Conference Preview: ACC

Conference Preview: ACC

This article is part of our Conference Preview series.

The more things change, the more they say the same. You don't rebuild, you reload. Pick a cliché and it's likely to have some relevance in the ACC, arguably the nation's premier conference. Duke once again brings in a new roster of talent. North Carolina has leadership holes to fill, but has their patented blend of top recruits mixed with three-year veterans. Virginia looks to rebound from becoming the first No. 1 seed to ever lose to a No. 16 in the NCAA tournament. Syracuse looks poised to again have a 6-man rotation, leading to huge minutes for their studs. There's emerging teams in Clemson and Virginia Tech, rebuilding teams like Miami and North Carolina State, and a few new coaches in Louisville's Chris Mack and Pittsburgh's Jeff Capel.

The league really does feel like a case where the names and faces are different, but the roles, styles and expectations are largely the same as they always are. With that in mind, let's take a look at the premier fantasy options.

Center: Kerry Blackshear, Virginia Tech Hokies

Officially tagging someone as a center appears to be a bit taboo, with only 13 appearing throughout the conference on official rosters and six more getting a forward/center slash. So unless you're counting on a huge leap from Marques Bolden, you're going to need some leniency from league commissioners. My personal preference in the paint is Clemson's Elijah Thomas, thanks in large part to his ability to block shots, but it may be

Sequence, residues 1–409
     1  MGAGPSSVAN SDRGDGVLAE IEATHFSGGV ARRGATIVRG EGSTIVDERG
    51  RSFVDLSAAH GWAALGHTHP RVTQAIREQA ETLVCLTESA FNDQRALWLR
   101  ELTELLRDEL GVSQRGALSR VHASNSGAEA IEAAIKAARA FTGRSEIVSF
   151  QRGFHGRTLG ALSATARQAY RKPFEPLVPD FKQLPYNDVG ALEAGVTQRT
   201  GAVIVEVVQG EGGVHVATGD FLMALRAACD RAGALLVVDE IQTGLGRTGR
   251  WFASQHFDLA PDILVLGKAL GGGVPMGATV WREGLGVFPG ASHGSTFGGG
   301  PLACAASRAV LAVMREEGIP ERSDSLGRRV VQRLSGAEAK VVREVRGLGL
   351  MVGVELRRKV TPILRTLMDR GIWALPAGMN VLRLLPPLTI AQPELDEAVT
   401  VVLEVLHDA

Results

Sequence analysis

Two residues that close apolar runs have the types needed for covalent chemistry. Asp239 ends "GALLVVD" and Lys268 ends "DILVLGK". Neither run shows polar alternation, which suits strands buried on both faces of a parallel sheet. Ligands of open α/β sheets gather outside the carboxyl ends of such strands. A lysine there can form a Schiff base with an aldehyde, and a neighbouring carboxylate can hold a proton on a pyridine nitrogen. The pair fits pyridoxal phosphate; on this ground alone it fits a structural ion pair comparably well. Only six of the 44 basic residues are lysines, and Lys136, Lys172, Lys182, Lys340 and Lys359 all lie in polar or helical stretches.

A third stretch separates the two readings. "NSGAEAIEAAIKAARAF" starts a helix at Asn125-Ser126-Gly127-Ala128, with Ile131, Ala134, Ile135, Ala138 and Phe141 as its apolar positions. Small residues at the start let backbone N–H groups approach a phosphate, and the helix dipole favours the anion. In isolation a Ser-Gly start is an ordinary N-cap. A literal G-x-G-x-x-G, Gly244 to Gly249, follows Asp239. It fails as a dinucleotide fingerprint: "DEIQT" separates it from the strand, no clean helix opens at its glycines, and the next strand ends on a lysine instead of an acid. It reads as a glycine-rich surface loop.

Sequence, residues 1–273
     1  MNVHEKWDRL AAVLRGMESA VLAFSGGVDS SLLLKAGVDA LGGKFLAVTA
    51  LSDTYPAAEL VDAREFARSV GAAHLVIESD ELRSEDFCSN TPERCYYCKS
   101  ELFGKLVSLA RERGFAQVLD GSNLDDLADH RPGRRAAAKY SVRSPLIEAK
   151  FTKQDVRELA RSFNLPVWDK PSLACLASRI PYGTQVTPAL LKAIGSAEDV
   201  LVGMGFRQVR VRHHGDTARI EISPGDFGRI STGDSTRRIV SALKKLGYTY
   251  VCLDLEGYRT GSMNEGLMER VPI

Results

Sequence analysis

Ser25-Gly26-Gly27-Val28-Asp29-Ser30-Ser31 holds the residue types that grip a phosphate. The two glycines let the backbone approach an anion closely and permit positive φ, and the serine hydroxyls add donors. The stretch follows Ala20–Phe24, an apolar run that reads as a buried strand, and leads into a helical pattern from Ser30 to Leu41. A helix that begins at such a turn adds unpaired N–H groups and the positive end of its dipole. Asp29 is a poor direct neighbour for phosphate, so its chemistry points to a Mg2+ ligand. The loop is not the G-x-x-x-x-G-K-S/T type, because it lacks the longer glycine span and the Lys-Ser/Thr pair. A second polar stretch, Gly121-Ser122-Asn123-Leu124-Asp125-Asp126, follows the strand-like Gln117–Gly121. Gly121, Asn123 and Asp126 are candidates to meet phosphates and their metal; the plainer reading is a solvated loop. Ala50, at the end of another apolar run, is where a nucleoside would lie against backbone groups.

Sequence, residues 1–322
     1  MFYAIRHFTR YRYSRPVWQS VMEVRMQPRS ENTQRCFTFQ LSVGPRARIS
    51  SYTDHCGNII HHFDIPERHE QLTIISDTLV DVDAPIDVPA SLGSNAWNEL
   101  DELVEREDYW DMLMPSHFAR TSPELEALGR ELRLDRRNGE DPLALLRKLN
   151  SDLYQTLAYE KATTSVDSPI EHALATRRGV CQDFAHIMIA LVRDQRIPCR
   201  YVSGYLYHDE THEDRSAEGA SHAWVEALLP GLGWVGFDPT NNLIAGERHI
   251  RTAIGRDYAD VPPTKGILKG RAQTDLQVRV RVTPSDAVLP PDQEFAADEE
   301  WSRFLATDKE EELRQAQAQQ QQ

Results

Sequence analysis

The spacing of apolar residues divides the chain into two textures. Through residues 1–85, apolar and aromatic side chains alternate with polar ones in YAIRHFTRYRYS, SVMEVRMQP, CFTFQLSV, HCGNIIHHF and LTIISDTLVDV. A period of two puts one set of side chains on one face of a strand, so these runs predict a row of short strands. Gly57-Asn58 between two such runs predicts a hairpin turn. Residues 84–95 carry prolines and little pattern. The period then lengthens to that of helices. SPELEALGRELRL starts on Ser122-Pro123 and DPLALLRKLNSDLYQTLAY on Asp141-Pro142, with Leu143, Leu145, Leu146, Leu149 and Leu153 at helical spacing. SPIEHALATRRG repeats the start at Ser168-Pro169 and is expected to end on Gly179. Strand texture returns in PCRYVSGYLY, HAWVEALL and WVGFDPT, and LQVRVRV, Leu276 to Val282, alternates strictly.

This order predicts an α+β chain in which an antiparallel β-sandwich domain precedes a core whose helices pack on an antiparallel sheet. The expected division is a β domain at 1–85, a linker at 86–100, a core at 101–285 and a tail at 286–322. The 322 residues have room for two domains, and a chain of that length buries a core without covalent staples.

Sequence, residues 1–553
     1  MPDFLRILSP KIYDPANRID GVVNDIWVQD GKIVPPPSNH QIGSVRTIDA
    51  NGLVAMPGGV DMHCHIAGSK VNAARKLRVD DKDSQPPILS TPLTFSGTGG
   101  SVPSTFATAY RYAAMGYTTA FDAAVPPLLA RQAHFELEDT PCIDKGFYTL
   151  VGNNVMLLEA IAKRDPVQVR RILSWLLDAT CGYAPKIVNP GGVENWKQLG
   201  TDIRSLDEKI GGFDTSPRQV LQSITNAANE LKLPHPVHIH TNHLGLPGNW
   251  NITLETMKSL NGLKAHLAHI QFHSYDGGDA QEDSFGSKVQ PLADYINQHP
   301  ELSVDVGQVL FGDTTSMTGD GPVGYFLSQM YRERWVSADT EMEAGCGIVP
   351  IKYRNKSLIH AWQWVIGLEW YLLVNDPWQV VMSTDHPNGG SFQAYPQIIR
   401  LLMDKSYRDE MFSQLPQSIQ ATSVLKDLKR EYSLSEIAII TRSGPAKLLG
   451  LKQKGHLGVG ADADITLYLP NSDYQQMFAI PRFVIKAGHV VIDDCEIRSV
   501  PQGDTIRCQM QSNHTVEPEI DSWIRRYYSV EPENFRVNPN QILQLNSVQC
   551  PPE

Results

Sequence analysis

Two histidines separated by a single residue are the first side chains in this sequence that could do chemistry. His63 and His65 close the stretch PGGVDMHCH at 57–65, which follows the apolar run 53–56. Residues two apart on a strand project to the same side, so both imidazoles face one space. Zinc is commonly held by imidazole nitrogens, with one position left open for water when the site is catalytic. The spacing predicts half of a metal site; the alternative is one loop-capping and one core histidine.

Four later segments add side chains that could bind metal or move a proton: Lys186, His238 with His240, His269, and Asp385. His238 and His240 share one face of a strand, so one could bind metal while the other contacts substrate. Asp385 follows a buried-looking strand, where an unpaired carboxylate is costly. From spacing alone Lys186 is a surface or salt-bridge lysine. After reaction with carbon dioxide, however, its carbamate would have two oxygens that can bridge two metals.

The more things change, the more they say the same. You don't rebuild, you reload. Pick a cliché and it's likely to have some relevance in the ACC, arguably the nation's premier conference. Duke once again brings in a new roster of talent. North Carolina has leadership holes to fill, but has their patented blend of top recruits mixed with three-year veterans. Virginia looks to rebound from becoming the first No. 1 seed to ever lose to a No. 16 in the NCAA tournament. Syracuse looks poised to again have a 6-man rotation, leading to huge minutes for their studs. There's emerging teams in Clemson and Virginia Tech, rebuilding teams like Miami and North Carolina State, and a few new coaches in Louisville's Chris Mack and Pittsburgh's Jeff Capel.

The league really does feel like a case where the names and faces are different, but the roles, styles and expectations are largely the same as they always are. With that in mind, let's take a look at the premier fantasy options.

Center: Kerry Blackshear, Virginia Tech Hokies

Officially tagging someone as a center appears to be a bit taboo, with only 13 appearing throughout the conference on official rosters and six more getting a forward/center slash. So unless you're counting on a huge leap from Marques Bolden, you're going to need some leniency from league commissioners. My personal preference in the paint is Clemson's Elijah Thomas, thanks in large part to his ability to block shots, but it may be a tougher sale on position than Blackshear. The Hokies' big man goes 6-foot-10 and 260 pounds, and in spite of his willingness to shoot from the perimeter, he absolutely passes the eye test of center eligibility. After missing the 2016-17 season, Blackshear took a significant step forward, doubling his scoring to 12.5 points while playing just six minutes more per night than he did as a freshman. Fantasy owners would probably like more rebounds (5.9) or blocks (0.9), but Blackshear balances things out with a stout field goal percentage (55.8) and ability to shoot threes. His minutes aren't huge, and there's a tendency for foul trouble, but Blackshear looks to be the cream of this limited crop.